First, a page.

Former first lady Michelle Obama has a message for students who are the first in their family to attend college.
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“It’s going to be okay as long as you don’t quit,” Obama told students Wednesday at her annual #BeatingtheOdds Summit for first-generation college students. “There are lesser people than you who have gone further.”
Obama described being at “probably every powerful table there is to be at.”
“Let me tell you,” she told the students, “they’re not smarter than you. I’ve met these people.”
“You are faster, quicker, smarter, sharper,” she said. “Yes you have to be, but they are no smarter than you, because trust me, they were no smarter than me. And I’ve lived long enough to see that truth.”
Obama, herself a first-generation college student, led a panel Wednesday at Howard University in front of 50 first-generation college students. She focused much of her time talking about an issue of increasing importance on college campuses, mental health.
College-age students ages 18 to 25 have the highest prevalence of mental illness, according to the National Institute of Mental Health. Everything from anxiety to depression is sending college students to seek help for their mental health in record numbers, data shows.
First-generation college students face a particular type of stress in going away to school, but Obama’s advice on handling the stress can be applied to any student.
Here are three questions college students can use for a mental health check-in, with words of wisdom from Obama.
1. Am I paying attention to my mental health?
“You have to be mindful about your mental health. We’re not a society that talks about mental health. If we’re not talking about it, you don’t even know what to identify.”
“That may not look like PTSD [post-traumatic stress disorder], it may not be something as powerful or painful or obvious as that, but going away to school and being homesick, that’s mental health. Having some depression, some anxiety and just being nervous, that’s part of your mental health.
2. Am I eating well and exercising?
“In order to have good mental health, it’s not just getting counseling or having support, it’s figuring out how to live a balanced life because that’s tied to your mental health. So, whether you’re getting exercise really does matter. That affects your endorphins. That matters.”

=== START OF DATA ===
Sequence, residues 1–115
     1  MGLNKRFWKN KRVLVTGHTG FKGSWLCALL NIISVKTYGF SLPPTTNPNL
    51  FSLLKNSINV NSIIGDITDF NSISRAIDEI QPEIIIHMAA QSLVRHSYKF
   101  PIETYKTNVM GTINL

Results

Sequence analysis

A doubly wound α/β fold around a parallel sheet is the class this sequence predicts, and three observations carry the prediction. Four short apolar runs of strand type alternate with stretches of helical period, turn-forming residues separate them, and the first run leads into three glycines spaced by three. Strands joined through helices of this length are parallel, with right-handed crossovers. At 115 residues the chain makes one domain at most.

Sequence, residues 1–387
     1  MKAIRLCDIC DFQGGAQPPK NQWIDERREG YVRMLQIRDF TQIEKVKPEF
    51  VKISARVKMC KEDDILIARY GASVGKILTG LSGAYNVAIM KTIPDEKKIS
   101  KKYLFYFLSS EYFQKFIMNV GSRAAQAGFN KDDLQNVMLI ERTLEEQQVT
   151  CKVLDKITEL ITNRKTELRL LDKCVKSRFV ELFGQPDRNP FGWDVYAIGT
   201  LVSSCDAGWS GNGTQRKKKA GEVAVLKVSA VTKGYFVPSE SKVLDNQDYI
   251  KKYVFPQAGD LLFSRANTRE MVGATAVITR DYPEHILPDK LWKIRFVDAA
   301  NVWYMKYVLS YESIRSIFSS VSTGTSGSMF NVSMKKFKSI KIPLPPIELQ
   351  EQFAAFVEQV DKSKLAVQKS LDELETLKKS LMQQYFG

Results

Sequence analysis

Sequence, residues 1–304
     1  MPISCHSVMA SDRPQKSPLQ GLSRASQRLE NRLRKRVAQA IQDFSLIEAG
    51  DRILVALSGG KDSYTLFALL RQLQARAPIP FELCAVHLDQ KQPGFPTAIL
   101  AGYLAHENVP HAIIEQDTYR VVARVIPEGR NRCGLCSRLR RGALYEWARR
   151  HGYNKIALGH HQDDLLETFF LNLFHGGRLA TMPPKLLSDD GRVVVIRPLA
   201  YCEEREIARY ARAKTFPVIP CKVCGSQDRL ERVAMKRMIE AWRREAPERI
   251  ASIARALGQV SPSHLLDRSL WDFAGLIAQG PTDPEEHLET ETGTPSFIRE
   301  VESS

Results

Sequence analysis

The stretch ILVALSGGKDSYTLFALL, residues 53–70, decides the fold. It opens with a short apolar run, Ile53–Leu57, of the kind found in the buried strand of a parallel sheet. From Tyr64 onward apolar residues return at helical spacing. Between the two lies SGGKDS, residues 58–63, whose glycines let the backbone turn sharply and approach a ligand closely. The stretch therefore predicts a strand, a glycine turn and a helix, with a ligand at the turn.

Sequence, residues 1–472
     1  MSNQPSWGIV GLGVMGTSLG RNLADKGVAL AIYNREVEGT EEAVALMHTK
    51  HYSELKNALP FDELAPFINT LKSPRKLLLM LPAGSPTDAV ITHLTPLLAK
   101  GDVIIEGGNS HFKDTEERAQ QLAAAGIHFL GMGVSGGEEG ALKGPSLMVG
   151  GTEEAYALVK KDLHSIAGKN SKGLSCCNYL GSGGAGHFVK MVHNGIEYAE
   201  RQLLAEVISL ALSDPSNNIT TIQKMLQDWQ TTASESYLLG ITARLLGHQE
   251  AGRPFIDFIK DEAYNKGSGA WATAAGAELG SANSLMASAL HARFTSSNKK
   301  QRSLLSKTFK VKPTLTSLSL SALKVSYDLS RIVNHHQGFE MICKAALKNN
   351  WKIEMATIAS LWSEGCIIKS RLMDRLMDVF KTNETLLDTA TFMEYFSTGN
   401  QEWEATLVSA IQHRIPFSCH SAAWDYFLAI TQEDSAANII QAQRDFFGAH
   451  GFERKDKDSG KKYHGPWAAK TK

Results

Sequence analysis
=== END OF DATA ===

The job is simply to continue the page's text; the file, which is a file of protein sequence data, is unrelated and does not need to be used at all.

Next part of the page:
“What you put into your body absolutely affects how you feel physically and emotionally. A lot of young people don’t realize that.”
“It’s not really just about the ‘Freshman 15.’ Having a bad diet can lead you to feeling depressed in ways that you don’t even know because nobody talks about how physical and nutrition affects. So you’ve got to think about having a balanced diet. You’ve got to have some vegetables.”
“You cannot just eat carbs for four years. You will start feeling that and then you’ll wonder, ‘Why am I sluggish?’”
3. Am I self-medicating?
“You have to be thinking, ‘Am I partying a little bit too hard? Am I staying up a little bit too late because actually I’m stressed and worried and so instead of doing what I’m supposed to be doing like getting help or focusing on my work, I’m procrastinating, partying, eating what I want.”
“That’s what mental health is. Instead of doing what you’re supposed to be doing, you’re finding other tools that aren’t going to help you to get you through.”
“That’s why mental health is so important because sometimes it makes you do things that stop you on your journey and you don’t even know why.”
The “Becoming” author ended her talk to the first-gen students by sharing a powerful lesson she has learned from her childhood on the South Side of Chicago to her place in the history books as first lady of the United States.
“Here’s what I know after 55 years of life. There is no one way to get through it,” Obama said. “Everybody does it a little bit differently … It’s all a part of the journey so don’t measure yourself against anyone else because this is your story and your journey.”
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